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Sandy Hook Mom Writes Tribute to the Son She Lost: 'My Butterfly Is Gone But Never Forgotten'

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Nicole Hockley has been counting the days since the Sandy Hook Elementary School shooting with fear and dread growing in her heart.

Her son, Dylan, was one of the 20 first graders who was tragically killed that day.

“Today it’s been 2,474 days since Dylan was murdered at Sandy Hook. 2,474 days since he’s been gone from my life,” she tweeted on Sept. 23. “He was only in my life for 2,473 days. I feared today.”

The mother worried the day that marked her 6-year-old son “being gone longer than he was here” would mean she would forget him.

“I am sad today, but I no longer have fear. I have forgotten nothing,” she continued.

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After the Sandy Hook shooting, Hockley co-founded Sandy Hook Promise, a non-profit organization dedicated to honoring victims of violence and to “teaching how to know the signs of people at risk of hurting themselves or someone else.”

According to Hockley, the mission of Sandy Hook Promise transcends political debate about gun control due to the organization’s focus on the “human side” of gun-related violence.

Sandy Hook Promise believes that these incredibly heartbreaking acts of violence can be prevented if others are able to recognize the correct signs.

“Dylan is with me every day in my heart,” she told People. “Sadly, the more I learned about his death and the person that took his life, I recognized there were all these signs in advance and there had been multiple opportunities for intervention.”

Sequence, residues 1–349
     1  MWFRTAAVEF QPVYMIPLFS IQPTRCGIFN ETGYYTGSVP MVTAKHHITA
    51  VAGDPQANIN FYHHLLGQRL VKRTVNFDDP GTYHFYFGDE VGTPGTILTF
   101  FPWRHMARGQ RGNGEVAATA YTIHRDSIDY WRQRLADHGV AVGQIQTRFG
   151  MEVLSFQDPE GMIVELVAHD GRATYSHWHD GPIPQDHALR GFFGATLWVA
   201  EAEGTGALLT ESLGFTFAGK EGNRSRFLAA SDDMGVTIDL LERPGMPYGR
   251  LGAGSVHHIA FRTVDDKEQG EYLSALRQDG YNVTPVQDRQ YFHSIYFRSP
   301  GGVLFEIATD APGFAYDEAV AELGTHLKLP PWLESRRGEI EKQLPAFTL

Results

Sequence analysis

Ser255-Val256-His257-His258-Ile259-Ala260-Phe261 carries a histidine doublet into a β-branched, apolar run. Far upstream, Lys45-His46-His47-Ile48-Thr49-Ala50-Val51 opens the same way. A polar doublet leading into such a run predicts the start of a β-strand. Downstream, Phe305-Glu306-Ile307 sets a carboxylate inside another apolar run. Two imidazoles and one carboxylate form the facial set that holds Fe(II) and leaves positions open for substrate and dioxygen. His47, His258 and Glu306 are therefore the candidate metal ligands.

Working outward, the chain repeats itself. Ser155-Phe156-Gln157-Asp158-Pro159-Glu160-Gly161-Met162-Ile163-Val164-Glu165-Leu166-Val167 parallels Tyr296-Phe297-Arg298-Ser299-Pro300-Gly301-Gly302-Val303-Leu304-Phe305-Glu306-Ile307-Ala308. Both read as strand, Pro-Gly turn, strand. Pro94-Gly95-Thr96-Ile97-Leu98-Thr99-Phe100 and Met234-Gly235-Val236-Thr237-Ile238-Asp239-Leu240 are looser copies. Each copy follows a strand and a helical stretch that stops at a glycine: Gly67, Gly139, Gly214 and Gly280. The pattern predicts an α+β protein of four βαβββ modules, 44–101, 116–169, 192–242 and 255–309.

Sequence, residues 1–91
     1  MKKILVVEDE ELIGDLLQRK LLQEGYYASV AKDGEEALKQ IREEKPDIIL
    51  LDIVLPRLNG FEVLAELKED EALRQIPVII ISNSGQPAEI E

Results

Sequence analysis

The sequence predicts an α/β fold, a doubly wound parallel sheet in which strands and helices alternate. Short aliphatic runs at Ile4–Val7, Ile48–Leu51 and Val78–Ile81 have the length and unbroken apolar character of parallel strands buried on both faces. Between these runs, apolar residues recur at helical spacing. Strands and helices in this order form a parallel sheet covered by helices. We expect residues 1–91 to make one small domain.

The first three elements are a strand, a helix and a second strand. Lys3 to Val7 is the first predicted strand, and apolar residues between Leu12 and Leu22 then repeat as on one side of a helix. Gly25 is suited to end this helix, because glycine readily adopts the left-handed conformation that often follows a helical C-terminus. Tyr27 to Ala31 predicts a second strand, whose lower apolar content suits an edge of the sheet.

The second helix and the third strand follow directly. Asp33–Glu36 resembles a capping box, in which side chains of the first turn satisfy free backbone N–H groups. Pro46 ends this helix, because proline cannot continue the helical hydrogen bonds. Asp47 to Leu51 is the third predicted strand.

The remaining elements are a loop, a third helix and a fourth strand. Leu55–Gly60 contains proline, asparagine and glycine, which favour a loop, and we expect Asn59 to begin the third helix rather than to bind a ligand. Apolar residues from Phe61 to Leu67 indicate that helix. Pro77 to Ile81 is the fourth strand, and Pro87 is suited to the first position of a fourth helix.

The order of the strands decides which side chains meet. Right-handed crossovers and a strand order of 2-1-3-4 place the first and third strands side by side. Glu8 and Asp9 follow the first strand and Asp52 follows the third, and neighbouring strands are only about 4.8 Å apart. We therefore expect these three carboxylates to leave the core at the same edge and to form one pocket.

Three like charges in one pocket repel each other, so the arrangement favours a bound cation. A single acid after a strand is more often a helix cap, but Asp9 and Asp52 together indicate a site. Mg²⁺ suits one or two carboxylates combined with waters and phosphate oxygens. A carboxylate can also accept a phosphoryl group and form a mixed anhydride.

“That’s something that drives me — to know that Sandy Hook was preventable.”

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Hockley said that helping found Sandy Hook Promise was her way of keeping Dylan’s legacy alive.

“My son lives on in my heart, in my soul, in the memories of our family and friends and in the work of me and his Daddy,” she wrote on Twitter.

“We will always love him and miss him. My butterfly is gone, but never forgotten, no matter how many days go by.”

Dylan’s nickname, “butterfly,” comes from the Butterfly Effect theory.

“There’s a theory that if a butterfly flaps his wings on one side of the world, it can cause a hurricane on the other,” she told People. “Dylan is my butterfly. When I visit schools and look at the kids, I see butterflies.”

“They’re the ones who are going to create the change that will change our country.”

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Kayla has been a staff writer for The Western Journal since 2018.
Kayla Kunkel began writing for The Western Journal in 2018.
Birthplace
Tennessee
Honors/Awards
Lifetime Member of the Girl Scouts
Location
Arizona
Languages Spoken
English
Topics of Expertise
News, Crime, Lifestyle & Human Interest




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